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Outdoor ouzo jams

by gavriel August 12 2008
Things to do

Perach Adom

The Jerusalem music scene is a constantly evolving mosaic of myriad influences, and an excellent example of this diversity is the Perach Adom ensemble, who have perfected their emotional brand of Greek-Israeli acoustic fusion over the last seven years. Perach Adom, which means "red flower," is scheduled to play two free concerts over the next few days, on Thursday at Gan Daniel near city hall, and on Sunday evening at Café Mizrachi in Mahane Yehuda.

Founded and directed by bouzouki player Tomer Katz, who also teaches as the School of Eastern Music in Musrara, the band's music is based on Rembetiko, the improvisatory and romantic music that flourished in Greek hashish dens during the decades before World War II. By changing the instrumentation slightly and writing Hebrew lyrics to many of the classic melodies, Katz has made the music more accessible to an Israeli audience and in the process created a new sound – although it could be said that his Israeli take on Greek music is part of a natural progression, since it turns out that some of the musicians during Rembetiko's golden age were Jewish too.

"Rembetiko is really the blues of Greek music," Katz explains. "It comes from the heart, thousands of songs that they wrote for themselves and for their crowd – it's not pop at all. The songs are special and use scales that come from Turkish music, but also [unlike Turkish music] use harmony." According to Katz, Perach Adom is the first ensemble in the country to champion acoustic Rembetiko music, although modern Greek music is popular in Israel and is a big influence on the pop-mizrahi sound found on the radio.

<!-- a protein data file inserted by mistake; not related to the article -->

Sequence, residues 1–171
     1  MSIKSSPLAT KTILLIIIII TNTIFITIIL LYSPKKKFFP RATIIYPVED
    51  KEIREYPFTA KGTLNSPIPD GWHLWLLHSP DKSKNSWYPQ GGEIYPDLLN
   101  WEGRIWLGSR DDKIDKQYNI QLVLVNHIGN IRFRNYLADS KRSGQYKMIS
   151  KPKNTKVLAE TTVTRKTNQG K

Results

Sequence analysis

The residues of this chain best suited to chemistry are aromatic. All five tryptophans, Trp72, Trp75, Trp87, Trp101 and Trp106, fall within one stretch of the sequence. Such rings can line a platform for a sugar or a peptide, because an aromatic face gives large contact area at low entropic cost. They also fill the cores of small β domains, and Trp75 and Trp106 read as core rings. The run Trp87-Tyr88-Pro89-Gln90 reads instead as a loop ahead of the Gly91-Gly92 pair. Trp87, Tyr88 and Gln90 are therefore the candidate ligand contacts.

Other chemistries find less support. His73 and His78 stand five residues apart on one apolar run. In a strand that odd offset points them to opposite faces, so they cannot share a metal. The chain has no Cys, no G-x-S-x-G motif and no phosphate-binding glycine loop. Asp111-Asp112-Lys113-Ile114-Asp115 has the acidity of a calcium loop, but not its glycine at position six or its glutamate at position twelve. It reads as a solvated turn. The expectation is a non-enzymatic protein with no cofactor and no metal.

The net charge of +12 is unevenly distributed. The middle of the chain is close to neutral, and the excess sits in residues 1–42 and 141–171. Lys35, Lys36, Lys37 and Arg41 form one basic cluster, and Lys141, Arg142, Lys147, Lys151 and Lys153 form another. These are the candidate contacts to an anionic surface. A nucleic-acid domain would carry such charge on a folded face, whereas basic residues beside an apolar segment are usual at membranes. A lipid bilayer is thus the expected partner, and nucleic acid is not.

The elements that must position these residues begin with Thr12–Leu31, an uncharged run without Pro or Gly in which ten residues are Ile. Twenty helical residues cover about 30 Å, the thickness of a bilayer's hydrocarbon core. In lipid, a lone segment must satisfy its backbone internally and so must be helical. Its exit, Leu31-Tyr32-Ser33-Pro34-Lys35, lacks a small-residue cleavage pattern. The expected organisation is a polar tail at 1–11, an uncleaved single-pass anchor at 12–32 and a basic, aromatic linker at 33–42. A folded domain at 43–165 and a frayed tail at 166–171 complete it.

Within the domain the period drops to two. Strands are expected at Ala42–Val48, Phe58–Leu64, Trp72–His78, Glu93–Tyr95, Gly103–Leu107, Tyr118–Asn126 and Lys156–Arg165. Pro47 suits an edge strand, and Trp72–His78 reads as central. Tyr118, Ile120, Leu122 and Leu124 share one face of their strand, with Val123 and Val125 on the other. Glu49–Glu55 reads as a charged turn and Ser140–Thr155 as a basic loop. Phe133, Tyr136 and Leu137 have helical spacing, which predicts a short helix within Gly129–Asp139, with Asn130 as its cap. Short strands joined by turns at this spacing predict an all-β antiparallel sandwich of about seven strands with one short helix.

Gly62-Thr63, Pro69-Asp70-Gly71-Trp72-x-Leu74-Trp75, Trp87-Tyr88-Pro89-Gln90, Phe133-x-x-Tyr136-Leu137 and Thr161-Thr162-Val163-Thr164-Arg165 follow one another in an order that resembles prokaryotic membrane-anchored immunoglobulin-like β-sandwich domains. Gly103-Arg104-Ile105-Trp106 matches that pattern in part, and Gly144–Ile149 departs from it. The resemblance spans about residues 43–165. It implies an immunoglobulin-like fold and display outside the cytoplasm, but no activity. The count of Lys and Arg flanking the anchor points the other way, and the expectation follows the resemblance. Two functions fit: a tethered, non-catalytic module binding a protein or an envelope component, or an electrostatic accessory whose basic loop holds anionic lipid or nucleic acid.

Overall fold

The band honed their chops in a now-legendary two year run at the Husha, a converted studio apartment in Nachlaot that hosted them for a lengthy session every Wednesday. These intimate performances, thick with cigarette smoke, copious amounts of ouzo and the looming dread of a visit from the police, were a laboratory for developing their sound and created an extremely loyal fan base. It even got them featured on Greek TV, but the tiny, unlicensed venue still had to be shut down after excessive noise complaints from the neighbors, and the band moved on to performing in bigger venues around the country.

Which is why it's a treat to be able to catch them for two shows in their hometown. This Thursday (the 14th) at Gan Daniel near City Hall is part of a summer concert series put on by the municipality and should be pretty cool, but the Café Mizrahi show on Sunday (the 17th) is a better bet. With tables spilling out into the lanes of the Shuk for their loyal contingent from nearby Nachlaot, it's just the kind of intimate venue Perach Adom thrives in. Both shows are at 21:00 and are free, but if you want to reserve a table for the Café Mizrahi show you should call 02-624-2105, or you will surely be standing.

Photo courtesy of Perach Adom.

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